them, having lengths from /10 to /16 in the particular case), 6rd
   gateways and 6rd CPEs would however have had for this to support a
   variable length mapping table.  Some of the IPv4 addressing entropy
   would thus have been extended to 6rd gateways and CPEs, and
   complexity would have been significantly higher.  This would have
   defeated the objective of extreme simplicity to favor actual and
   rapid deployment.

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   Figure 2 shows which nodes have to be upgraded from 6to4 to 6rd, and
   which addresses or prefixes have to be routed to them.

   IPv6 communication between customer sites of a same ISP is direct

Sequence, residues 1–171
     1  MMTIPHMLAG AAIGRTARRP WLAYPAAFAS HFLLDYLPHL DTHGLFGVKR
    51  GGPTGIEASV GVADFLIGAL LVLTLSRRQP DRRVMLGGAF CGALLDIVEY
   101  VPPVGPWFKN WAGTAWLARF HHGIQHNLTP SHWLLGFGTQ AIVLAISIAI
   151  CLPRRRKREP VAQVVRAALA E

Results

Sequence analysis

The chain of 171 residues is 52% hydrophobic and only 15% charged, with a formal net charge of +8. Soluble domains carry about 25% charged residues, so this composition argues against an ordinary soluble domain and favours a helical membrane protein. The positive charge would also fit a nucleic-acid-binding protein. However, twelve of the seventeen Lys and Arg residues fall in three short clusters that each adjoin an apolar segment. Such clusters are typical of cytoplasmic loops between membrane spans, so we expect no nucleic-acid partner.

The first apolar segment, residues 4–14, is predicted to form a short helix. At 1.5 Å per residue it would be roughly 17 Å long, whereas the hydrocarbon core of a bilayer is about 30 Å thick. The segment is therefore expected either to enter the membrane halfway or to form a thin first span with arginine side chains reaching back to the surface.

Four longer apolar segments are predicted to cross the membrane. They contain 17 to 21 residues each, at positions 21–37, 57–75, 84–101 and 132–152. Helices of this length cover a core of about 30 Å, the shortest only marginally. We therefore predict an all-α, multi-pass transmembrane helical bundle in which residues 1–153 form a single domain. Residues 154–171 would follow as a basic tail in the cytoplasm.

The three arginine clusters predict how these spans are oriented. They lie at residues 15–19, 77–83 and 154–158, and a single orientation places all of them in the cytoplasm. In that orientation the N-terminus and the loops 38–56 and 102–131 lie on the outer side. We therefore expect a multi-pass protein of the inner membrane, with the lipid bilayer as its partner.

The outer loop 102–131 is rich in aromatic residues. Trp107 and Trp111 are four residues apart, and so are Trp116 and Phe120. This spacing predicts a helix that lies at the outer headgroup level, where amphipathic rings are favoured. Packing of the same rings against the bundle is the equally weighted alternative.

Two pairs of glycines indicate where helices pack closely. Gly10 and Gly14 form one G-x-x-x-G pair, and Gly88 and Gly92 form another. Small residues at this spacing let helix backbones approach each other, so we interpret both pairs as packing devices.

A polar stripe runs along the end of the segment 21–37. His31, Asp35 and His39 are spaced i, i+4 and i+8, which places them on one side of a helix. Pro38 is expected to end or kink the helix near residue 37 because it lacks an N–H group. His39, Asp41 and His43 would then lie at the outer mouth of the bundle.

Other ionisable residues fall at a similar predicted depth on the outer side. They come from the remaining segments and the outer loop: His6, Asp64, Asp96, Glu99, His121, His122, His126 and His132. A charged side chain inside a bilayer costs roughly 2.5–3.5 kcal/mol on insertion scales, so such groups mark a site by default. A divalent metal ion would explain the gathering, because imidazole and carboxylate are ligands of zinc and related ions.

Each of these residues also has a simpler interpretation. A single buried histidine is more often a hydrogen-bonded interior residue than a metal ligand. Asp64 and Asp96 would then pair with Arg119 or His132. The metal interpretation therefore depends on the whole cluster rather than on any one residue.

across the ISP IPv4 infrastructure: when a CPE sees that the IPv6
   destination address of an outgoing packet starts with its own 6rd
   relay ISPv6 prefix, it takes the 32 bits that follow this prefix as
   IPv4 destination of the encapsulating packet.  (Sending and
   decapsulation rules of 6to4, duly adapted to the 6rd prefix in place
   of the 6to4 prefix, apply as described in [RFC3056] section 5.3.)

   The IPv4 anycast address of 6rd relays may be chosen independently by
   each ISP.  The only constraint is that routes toward the ISP that are
   advertised must not include this address.  For example, Free took a
   192.88.99.k address, routed with the same /24 prefix as 6to4 but with
   k different from 1 to avoid confusion with the 6to4 address of